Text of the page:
I replace my bathroom towels every two years or when they start to feel rough and lose their absorbency, whichever comes first. This ensures I'm always using towels that are soft and free from built-up bacteria and odors.

You don't have to toss your old towels out immediately though. When I get around to replacing them, I usually wash and dry my towels before cutting them up into several rough squares (about 10 x 10" each). I then bundle these squares into a tote bag, store them in my cleaning cupboard, and use them in place of microfibre cloths for particularly dirty household chores like removing mold from the shower or cleaning dirty sneakers. When these rags are completely worn out I feel less guilty about throwing them in the trash. 

6. Excess cleaning supplies

Close up of soap, jar of brushes and hand wash on a windowsill in front of a leaded window.

(Image credit: Polly Eltes)

While keeping cleaning supplies handy is always a good idea, I'm not a fan of having odd containers and colorful spray bottles cluttering my bathroom shelves. Not only do they take up space and look untidy, but they could also prove dangerous if left out and accessible to tiny, inquisitive hands. 

Like cosmetics and medicines, I check and discard any expired cleaning products periodically and rehome the items I need daily on the bottom shelf of my bathroom vanity (or in a labeled container in my utility zone). 

The same applies to excess toilet rolls. While it can be handy to stockpile these bathroom necessities, they aren't the most aesthetically pleasing items. Rather than allowing them to pile up on a bathroom surface, I recommend carving out a space for additional rolls in your linen cupboard. I like to use a fabric-lined basket to store mine, like this Highland Dunes Wicker Basket from Wayfair

7. Art you've never displayed

gallery wall in a living room with a corner couch

(Image credit: Studio Atkinson)

One of my greatest passions is collecting artwork from local artists or thrift shops and creating unique gallery walls with my finds; but I'm the first to admit that I've got carried away and collected a few too many prints over the years. 

The solution to unused artwork cluttering my home? I regift or donate it. Unless the piece is particularly sentimental, if I haven't displayed a piece for more than 12 months, I reason that I probably don't need it and someone else could benefit from it.

If you love a painting but haven't got around to hanging it yet, why not make this weekend the time to find a new frame for it and get it up on your wall? I like to take measurements before I go shopping and bring my tape measure thrifting with me to find the perfect antique picture frame. If it's a particularly small print or painting, I cut a piece of scrap paper to the same dimensions and bring this along to ensure it will fit in my chosen frame before committing to a purchase.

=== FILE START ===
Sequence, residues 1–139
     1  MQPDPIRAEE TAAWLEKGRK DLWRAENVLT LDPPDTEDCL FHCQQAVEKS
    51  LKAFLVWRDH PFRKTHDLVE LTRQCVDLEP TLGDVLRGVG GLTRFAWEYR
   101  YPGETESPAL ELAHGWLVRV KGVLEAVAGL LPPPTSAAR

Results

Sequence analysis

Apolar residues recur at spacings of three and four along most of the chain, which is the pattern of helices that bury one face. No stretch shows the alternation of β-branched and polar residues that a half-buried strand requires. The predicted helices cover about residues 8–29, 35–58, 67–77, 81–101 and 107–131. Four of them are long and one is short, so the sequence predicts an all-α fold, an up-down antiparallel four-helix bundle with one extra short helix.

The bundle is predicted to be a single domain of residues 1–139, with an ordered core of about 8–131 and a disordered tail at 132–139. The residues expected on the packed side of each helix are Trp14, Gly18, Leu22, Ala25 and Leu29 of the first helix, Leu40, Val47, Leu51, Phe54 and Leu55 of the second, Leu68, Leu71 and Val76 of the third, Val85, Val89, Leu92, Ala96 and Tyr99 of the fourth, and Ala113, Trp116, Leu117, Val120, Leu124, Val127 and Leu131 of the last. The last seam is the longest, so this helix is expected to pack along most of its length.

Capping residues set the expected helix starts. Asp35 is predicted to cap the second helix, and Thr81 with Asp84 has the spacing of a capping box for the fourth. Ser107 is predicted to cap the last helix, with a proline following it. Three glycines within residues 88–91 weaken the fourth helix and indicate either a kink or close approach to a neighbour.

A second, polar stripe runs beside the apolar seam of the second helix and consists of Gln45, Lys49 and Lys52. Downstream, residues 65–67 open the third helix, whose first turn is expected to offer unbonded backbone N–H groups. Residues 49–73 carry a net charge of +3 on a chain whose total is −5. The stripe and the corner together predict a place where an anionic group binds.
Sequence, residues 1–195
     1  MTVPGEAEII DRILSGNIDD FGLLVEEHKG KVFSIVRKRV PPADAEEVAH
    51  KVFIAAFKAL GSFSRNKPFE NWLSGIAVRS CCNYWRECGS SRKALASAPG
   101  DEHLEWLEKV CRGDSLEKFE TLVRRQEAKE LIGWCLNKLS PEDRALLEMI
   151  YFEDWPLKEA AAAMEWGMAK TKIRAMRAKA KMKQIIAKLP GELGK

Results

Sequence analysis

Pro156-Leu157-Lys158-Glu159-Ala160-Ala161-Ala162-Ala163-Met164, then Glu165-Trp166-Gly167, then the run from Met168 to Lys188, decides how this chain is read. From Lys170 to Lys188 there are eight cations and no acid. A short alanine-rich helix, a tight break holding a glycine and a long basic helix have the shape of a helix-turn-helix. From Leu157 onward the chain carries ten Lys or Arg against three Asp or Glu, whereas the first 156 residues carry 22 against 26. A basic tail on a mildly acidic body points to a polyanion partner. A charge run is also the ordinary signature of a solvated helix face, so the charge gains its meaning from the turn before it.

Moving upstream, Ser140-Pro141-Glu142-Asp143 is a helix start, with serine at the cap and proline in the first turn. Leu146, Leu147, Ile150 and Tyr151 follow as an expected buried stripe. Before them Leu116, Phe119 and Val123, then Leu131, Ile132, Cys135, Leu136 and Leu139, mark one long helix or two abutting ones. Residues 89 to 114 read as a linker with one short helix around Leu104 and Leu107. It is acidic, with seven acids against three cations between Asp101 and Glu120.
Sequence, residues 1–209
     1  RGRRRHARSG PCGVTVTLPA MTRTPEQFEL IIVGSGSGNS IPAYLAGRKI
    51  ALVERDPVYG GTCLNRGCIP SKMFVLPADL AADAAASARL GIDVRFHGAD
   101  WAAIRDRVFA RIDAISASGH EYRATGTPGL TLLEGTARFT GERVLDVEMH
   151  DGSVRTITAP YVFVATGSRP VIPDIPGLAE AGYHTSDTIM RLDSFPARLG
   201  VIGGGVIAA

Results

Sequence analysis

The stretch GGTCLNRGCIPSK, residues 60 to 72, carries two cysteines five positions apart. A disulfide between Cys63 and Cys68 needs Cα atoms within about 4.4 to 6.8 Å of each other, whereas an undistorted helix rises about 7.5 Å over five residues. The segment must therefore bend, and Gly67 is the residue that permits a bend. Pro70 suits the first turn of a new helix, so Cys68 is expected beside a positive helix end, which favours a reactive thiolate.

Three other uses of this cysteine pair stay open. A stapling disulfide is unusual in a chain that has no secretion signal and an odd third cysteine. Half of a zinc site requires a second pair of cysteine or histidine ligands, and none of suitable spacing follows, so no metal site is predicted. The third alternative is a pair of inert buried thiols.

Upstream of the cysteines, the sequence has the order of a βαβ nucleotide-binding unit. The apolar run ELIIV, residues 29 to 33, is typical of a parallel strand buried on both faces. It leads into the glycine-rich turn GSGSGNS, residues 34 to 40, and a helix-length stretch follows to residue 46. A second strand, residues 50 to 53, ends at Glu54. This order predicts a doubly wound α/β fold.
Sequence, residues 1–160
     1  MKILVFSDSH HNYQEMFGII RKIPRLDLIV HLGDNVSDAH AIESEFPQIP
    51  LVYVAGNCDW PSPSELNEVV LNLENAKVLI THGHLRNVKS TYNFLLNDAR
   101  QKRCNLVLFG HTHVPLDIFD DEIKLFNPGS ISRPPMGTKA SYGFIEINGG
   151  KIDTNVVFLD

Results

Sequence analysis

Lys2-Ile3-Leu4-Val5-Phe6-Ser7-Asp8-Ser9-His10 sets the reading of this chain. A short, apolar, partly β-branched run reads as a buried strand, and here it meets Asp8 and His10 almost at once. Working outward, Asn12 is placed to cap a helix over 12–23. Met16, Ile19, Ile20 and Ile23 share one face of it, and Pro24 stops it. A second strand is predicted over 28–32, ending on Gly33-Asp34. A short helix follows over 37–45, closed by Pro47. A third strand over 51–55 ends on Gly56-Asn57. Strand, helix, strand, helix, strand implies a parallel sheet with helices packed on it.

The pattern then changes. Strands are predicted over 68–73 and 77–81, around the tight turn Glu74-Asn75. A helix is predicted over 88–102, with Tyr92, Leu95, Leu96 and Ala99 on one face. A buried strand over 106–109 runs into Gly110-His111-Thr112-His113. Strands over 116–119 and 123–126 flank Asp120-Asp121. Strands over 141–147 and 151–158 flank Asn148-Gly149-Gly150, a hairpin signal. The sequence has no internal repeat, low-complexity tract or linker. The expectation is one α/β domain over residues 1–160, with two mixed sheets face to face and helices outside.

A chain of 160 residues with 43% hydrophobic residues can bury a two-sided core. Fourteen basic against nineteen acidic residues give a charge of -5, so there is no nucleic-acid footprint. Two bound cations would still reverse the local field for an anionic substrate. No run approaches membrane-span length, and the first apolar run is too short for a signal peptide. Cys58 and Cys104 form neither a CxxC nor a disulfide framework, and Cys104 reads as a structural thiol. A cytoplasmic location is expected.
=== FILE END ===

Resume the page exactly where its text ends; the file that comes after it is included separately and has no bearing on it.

8. Items in your junk drawer

Vintage drawers used as bedside table

(Image credit: Marie Flanigan Interiors/Julie Soefer)

Lastly, I like to declutter my junk drawer each week to feel a sense of accomplishment. These spaces are magnets for all kinds of clutter, from old receipts to odd screws, so you're bound to find something ripe for the trash can here. 

I start tackling the chaos in my junk drawer by tossing expired coupons and bidding farewell to random keys with no locks in sight. Out go pens that no longer write and all the miscellaneous items or broken DIY tools that hadn't seen the light of day in months. 

By focussing on removing these items, you can quickly transform your junk drawer into a neat and tidy space that actually serves your daily needs. And if you're in the mood to organize your drawers while you're at it, I high recommend trying the boundary method

If removing these items has reinvigorated you, why stop at 8? You could seize your newfound enthusiasm for tidying and take your decluttering to the next level by adding another 2-3 common household objects to your list. Just remember to pace yourself to avoid any feelings of overwhelm. 

Gabriella Dyson
Head of Solved

Gabriella is Head of Solved at Homes & Gardens. She is a DIY enthusiast and a lover of all things interior design, often found antiquing or browsing the aisles of her local hardware store. 

She has a particular passion for historic buildings and is in the process of renovating a Victorian coachhouse in the British countryside. 

For much of the past decade, Gabriella has worked as a freelance writer, crafting copy for national publications and renowned homeware brands. Most recently, she worked on Homebuilding & Renovating Magazine, focusing on case studies for the magazine and website, as well as writing features about issues surrounding historic and listed building projects.